Some experts raise concerns about the regular alcohol intake (particularly wine) in the Mediterranean diet and whether this is truly beneficial to recommend. Toups believes it can be. "When alcohol is consumed as part of a balanced meal, and coupled with daily movement and social connections, studies find a net health benefit," she says.

"The Mediterranean diet and other traditional diets present examples of how to safely enjoy alcohol in moderation (up to one 5-ounce glass of wine per day for women, or up to two 5-ounce glasses daily for men), in a way that may support cardiometabolic health and help to foster positive social connections," says Toups.

But what about when alcohol is consumed in other scenarios? "When alcohol intake is accompanied by unhealthy habits, like smoking or poor diet, or unsafe habits, like driving, obvious health risks present themselves," she says.

The current edition of the USDA Dietary Guidelines for Americans does not recommend that people who do not currently drink alcohol start drinking, but for adults who do choose to drink alcoholic beverages, it is noted that drinking less is better for health than drinking more. When adults choose to drink, the USDA recommends one drink or less per day for women and two drinks or less for men.

If you and your doctor conclude it's safe to drink alcohol—in combination with your healthy diet and regular physical activity—this may support heart health. However, you don't have to start drinking to see benefits from this diet and, importantly, don't start drinking if you have a family history of alcohol addiction or are currently pregnant.

May Fall Short on Some Nutrients

The USDA notes that most Americans do not get enough calcium and vitamin D in their diets. Those who choose to follow the Mediterranean lifestyle tend to consume less dairy, so they'll want to ensure they get enough of these nutrients from other sources.

One study found that Spanish children who had low adherence to the Mediterranean diet don't get enough calcium to reach recommended intake levels even when dairy foods were used to compensate for the low adherence. Researchers determined this was because other foods containing calcium were not being consumed.

Fortunately, dairy is not the only source of calcium and vitamin D. There are many other sources including fortified milk alternatives, particularly soy milk and other soy products, as well as fortified orange juice, some whole-grain cereals, seafood, spinach, soybeans, or sesame seeds. Foods like these are encouraged on the Mediterranean diet.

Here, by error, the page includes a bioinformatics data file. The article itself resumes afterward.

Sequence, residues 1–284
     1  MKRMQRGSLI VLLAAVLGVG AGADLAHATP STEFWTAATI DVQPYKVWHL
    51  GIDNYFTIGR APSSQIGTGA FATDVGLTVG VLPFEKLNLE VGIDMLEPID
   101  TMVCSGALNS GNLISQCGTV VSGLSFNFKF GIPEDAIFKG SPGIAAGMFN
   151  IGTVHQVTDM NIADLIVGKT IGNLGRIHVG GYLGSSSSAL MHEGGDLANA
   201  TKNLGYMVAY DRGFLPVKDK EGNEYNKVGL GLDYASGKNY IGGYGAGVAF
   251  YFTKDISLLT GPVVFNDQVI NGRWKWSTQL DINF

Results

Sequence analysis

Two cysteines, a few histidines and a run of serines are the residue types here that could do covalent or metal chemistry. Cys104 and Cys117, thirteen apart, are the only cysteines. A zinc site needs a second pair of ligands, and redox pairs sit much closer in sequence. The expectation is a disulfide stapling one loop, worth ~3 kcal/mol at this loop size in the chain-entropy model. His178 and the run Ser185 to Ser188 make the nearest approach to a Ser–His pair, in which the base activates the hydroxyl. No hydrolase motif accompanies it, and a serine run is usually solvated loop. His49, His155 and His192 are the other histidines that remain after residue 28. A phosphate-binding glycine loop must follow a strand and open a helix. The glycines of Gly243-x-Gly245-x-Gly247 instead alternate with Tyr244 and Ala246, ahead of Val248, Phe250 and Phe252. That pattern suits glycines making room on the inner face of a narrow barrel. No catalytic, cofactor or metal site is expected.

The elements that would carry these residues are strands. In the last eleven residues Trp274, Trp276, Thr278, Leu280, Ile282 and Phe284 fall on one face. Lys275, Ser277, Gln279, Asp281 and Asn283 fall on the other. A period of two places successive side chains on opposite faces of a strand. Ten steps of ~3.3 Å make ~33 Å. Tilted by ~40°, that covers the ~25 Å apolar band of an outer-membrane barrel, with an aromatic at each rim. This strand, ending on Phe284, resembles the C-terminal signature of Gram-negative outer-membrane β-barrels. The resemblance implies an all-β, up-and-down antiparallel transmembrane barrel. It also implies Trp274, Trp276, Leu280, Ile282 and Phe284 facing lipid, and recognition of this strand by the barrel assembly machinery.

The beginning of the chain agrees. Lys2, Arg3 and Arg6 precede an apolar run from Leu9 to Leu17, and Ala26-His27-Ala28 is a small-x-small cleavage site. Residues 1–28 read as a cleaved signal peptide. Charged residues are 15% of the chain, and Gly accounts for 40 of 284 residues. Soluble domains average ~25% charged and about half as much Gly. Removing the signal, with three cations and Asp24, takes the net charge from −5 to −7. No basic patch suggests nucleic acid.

Studies have also shown that both adults and children who adhere to this healthy pattern are likely to have a better nutrient profile, with a lower prevalence of individuals showing inadequate intakes of micronutrients.

Studies have indicated that women following a Mediterranean diet are likely to have better bone mass and a reduced risk for bone fracture.

No Specific Guidelines

Unlike many other eating patterns, the Mediterranean diet does not provide specific calorie counts, food portion sizes, or strict lists of foods to eat and foods to avoid. There is also no singular source for following this diet.

For some who prefer a more structured eating style (especially for weight loss or weight maintenance), this may present a challenge. However, the Healthy Mediterranean-Style Eating Pattern provided by the USDA can be used as a guide for those who prefer a more specific approach.

To use the guide, simply choose the calorie goal that aligns with your dietary needs then choose a variety of foods in each group and consume them over time in recommended amounts. Calorie targets for healthy adults are provided ranging from 1,600 calories per day to 3,200 per day, which vary based on age, sex, weight, and level of physical activity.

May Be Time Consuming

Shopping for Mediterranean diet foods and preparing meals is likely to take more time than heating up prepared foods or grabbing fast-food on the go. On this diet, processed foods are discouraged, while balanced meals made with whole ingredients are encouraged.

Certainly, this shift may take some adjustment for some people. But many people learn to love cooking and preparing meals for themselves or their families. Additionally, you can prepare large quantities of foods in advance to use at meals later.

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Verywell Fit uses only high-quality sources, including peer-reviewed studies, to support the facts within our articles. Read our editorial process to learn more about how we fact-check and keep our content accurate, reliable, and trustworthy.
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Additional Reading

By Chrissy Carroll, RD, MPH
Chrissy Carroll is a registered dietitian and USAT Level I Triathlon Coach, and the author of "Eat to Peak: Sports Nutrition for Runners and Triathletes."